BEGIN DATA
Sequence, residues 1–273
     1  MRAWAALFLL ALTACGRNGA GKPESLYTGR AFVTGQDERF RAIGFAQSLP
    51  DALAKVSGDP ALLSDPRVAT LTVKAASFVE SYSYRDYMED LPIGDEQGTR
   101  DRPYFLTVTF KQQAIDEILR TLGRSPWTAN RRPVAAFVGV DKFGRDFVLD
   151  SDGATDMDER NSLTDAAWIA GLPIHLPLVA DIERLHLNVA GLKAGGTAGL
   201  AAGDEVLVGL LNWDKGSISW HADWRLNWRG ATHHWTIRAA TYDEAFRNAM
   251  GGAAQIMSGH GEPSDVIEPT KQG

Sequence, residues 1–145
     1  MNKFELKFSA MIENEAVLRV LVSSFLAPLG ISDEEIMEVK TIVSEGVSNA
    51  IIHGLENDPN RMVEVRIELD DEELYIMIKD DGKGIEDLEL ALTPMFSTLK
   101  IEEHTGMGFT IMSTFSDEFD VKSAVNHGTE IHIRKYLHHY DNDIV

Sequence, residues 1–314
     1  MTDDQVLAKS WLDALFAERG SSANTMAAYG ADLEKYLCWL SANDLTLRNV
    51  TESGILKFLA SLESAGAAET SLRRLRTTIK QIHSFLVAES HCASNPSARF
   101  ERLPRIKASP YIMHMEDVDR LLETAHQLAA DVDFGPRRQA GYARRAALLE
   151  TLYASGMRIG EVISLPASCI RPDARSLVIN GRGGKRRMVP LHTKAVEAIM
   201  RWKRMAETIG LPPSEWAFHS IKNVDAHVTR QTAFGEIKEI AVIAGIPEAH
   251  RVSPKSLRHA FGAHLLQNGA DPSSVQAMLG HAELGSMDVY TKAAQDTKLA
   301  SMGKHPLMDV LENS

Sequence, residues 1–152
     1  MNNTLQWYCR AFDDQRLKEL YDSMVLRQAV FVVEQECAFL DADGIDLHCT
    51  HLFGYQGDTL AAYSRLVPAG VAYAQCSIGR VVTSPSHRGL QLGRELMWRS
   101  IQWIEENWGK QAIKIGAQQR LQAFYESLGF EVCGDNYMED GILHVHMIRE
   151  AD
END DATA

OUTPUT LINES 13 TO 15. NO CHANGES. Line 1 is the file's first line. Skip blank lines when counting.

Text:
     1  MTDDQVLAKS WLDALFAERG SSANTMAAYG ADLEKYLCWL SANDLTLRNV
    51  TESGILKFLA SLESAGAAET SLRRLRTTIK QIHSFLVAES HCASNPSARF
   101  ERLPRIKASP YIMHMEDVDR LLETAHQLAA DVDFGPRRQA GYARRAALLE